Throughout the creative industry, software has been designed to be intuitive allowing the user of each respective profession to easily start creating, for example Photographers and Photoshop, Animators and Maya, Publishers and InDesign, Editors and Premiere.
However, there is no real alternative for web developers. It’s all code based. Once upon a time you could use Dreamweaver, but as soon as you needed to do anything besides HTML and CSS, you had to use the code view. Responsive design – forget that.
Vlad Magdalin from Webflow demonstrated how their software allows designers to become web developers without the need to code. I must say I was impressed. I’ve looked at a multitude of ‘code-less’ software, all really based around customising a template, but none really offered the ability to create from scratch.
Webflow is a cloud based software package where you can build production ready, responsive websites without any real coding knowledge. Looking at the software’s interface however it really helps knowing both CSS and HTML basics so you can tell what controls what. You wouldn’t expect someone to produce a brochure in InDesign without understanding publishing or typography terms. In fact, I’d say the interface on Webflow was very similar to Photoshop, so would definitely help the designer’s transition.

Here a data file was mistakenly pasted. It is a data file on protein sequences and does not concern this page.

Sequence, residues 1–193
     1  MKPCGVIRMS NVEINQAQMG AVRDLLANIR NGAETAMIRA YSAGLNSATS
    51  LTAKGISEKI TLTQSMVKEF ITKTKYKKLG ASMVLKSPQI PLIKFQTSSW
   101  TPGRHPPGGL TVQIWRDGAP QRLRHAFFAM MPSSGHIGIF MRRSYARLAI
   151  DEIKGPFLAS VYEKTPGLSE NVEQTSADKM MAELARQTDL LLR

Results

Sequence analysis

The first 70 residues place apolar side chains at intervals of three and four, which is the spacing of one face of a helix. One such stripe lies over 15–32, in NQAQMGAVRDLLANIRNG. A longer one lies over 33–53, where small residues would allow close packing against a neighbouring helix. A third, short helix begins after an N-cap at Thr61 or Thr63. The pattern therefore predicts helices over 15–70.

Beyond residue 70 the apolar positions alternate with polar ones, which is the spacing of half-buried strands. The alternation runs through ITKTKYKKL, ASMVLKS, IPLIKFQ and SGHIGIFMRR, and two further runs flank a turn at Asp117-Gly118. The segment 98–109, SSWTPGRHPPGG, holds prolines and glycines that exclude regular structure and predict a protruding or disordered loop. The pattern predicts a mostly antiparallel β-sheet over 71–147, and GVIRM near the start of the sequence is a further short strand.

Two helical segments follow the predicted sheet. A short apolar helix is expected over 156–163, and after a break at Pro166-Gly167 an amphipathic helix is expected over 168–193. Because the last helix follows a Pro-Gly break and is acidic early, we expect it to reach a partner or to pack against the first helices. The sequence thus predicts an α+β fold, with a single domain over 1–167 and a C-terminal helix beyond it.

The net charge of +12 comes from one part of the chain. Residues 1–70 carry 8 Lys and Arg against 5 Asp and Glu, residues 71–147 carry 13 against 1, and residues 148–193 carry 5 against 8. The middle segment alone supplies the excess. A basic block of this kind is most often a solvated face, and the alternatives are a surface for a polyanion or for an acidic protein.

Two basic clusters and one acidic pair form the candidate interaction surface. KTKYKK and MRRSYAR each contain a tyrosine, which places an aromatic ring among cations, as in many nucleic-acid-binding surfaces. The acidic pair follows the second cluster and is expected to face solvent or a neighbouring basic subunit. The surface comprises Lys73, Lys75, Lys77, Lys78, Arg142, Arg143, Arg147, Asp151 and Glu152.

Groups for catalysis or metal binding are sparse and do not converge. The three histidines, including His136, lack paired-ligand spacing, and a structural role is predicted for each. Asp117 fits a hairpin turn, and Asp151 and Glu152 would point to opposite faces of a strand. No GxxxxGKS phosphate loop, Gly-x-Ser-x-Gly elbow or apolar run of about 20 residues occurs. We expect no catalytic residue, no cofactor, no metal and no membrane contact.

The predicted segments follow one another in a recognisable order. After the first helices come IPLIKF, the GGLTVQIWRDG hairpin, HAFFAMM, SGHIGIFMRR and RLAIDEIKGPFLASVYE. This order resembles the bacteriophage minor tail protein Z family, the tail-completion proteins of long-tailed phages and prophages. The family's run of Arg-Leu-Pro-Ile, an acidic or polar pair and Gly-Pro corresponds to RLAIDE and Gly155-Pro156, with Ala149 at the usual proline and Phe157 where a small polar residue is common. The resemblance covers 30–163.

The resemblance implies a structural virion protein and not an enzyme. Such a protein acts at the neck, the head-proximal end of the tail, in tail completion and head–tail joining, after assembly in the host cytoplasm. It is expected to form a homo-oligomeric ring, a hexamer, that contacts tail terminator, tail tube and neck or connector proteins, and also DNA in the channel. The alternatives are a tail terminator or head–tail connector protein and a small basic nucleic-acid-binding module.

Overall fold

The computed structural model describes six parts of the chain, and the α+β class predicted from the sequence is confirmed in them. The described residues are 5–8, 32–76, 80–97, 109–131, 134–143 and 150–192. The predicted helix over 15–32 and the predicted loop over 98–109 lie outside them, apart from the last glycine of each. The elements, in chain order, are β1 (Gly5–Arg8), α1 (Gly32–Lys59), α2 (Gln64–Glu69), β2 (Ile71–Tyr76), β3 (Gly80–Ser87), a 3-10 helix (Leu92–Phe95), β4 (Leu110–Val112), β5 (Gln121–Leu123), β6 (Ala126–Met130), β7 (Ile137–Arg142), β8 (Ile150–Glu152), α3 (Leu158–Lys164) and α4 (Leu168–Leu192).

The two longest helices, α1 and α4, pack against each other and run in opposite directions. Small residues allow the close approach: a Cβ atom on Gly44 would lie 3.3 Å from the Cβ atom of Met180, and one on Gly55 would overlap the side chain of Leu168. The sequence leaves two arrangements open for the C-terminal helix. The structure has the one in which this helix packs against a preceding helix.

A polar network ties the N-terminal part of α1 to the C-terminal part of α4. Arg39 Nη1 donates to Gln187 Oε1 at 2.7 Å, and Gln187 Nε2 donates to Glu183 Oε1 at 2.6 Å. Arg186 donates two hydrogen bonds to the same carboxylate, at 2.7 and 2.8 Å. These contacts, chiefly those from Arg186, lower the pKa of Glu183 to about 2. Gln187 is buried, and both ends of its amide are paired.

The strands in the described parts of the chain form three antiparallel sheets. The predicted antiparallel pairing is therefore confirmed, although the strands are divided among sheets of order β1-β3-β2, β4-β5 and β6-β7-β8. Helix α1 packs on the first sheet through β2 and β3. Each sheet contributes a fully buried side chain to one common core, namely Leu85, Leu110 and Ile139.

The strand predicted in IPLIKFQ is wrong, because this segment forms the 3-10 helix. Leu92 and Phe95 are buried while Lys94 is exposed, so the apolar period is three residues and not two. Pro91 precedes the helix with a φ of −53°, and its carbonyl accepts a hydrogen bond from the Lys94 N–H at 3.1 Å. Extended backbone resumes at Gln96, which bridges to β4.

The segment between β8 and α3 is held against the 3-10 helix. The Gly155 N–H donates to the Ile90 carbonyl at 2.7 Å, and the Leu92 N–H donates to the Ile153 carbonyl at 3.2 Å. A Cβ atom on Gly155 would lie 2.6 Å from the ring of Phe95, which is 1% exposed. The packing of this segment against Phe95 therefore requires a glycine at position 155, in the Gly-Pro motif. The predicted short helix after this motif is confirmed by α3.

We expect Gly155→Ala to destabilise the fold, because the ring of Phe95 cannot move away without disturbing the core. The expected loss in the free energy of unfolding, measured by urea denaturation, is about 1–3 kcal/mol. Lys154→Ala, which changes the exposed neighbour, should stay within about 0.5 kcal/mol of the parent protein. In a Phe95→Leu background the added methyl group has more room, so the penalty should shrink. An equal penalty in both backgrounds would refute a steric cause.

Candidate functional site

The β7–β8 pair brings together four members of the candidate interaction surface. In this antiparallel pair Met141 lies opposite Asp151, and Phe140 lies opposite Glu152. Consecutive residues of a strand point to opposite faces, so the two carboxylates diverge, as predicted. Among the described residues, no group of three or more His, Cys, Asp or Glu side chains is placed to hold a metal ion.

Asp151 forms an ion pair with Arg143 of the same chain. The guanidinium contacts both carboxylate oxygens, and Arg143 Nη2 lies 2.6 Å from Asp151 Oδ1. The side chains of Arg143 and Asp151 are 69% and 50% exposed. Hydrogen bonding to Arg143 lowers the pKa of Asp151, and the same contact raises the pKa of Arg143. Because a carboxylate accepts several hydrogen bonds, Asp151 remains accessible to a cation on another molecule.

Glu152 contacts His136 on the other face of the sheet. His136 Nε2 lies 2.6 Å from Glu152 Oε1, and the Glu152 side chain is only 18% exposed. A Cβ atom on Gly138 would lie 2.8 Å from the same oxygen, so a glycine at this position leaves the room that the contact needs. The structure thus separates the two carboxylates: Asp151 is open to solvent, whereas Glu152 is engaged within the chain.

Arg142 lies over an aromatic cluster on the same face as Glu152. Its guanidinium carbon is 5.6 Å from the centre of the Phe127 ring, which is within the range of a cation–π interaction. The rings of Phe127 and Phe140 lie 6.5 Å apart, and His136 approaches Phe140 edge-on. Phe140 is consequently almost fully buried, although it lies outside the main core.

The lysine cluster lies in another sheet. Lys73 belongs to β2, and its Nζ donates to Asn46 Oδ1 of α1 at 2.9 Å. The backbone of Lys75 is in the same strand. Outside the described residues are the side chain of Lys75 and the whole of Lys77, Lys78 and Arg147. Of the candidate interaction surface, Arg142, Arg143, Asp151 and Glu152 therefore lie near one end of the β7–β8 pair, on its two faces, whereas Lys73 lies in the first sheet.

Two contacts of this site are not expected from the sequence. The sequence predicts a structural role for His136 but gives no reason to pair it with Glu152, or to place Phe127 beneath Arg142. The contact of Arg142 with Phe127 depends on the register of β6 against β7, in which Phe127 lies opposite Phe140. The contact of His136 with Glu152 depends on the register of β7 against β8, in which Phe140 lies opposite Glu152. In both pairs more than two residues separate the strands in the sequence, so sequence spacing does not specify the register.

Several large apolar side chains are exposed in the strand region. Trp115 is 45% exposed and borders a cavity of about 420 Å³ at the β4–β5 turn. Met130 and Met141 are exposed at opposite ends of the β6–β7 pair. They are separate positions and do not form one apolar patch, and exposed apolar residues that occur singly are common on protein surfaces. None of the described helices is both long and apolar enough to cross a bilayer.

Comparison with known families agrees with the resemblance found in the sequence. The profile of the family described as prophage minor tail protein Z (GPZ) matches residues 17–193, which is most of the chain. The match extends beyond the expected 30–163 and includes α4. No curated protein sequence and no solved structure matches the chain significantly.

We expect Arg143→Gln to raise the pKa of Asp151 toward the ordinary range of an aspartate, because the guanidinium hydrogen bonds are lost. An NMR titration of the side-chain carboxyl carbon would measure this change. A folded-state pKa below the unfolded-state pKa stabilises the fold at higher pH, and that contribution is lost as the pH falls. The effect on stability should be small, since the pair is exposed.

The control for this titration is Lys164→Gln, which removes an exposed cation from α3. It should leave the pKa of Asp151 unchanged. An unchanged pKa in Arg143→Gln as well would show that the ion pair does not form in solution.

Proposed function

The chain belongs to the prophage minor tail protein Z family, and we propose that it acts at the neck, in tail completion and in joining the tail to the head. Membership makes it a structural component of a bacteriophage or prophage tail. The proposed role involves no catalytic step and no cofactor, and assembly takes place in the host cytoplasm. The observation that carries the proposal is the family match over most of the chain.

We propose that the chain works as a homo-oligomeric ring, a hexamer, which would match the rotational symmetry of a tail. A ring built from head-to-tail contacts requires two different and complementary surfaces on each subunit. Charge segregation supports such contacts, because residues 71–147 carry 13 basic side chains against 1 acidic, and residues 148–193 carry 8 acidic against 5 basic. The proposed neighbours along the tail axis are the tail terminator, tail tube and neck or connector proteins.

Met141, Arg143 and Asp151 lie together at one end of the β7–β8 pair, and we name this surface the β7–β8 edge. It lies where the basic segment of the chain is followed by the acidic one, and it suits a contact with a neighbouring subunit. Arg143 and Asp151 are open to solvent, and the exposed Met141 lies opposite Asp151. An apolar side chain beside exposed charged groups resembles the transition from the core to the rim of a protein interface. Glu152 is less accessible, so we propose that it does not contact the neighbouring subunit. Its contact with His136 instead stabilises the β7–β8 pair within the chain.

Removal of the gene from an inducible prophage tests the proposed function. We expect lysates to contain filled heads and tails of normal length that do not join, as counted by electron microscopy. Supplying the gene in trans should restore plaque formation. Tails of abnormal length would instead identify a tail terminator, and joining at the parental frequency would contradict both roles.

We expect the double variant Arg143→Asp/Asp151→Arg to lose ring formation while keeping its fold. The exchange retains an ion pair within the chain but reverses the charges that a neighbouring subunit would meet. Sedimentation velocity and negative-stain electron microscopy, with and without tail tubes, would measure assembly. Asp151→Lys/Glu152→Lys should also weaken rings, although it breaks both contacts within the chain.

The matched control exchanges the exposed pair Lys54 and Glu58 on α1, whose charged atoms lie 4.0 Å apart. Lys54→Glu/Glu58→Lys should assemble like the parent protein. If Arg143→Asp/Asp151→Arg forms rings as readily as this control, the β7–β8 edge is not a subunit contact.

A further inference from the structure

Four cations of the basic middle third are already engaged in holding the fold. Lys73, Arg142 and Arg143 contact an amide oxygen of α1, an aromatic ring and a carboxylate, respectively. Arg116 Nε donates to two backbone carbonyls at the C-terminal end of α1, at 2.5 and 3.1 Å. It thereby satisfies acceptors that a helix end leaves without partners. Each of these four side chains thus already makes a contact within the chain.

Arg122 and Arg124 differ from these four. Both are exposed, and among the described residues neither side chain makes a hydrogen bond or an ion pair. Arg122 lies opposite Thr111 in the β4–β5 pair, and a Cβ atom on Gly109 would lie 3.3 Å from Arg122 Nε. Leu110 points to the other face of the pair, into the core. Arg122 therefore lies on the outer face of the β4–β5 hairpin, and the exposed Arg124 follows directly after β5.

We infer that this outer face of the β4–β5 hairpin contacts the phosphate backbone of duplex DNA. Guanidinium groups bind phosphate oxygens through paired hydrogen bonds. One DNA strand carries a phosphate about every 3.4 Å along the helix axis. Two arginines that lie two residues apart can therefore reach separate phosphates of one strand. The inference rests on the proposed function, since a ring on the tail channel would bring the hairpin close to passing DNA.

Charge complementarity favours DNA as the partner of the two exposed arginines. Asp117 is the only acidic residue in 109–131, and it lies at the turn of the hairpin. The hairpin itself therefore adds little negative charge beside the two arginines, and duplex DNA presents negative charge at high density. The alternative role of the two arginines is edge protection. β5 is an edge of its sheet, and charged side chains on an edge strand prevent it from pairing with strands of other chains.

I’m quite excited by Webflow – I just need some time to have a go at creating a website in it.
Freebies freebies freebies
We were spoilt for choice when it came to freebies which where on each of the supplier tables: T-Shirts, a selfie stick, water bottles, enamel mugs, biscuits, mirror sunglasses, sketch pads and sweets. We had quite a haul.
We came out of the Generate conference buzzing with new ideas and inspiration for future projects – watch this space!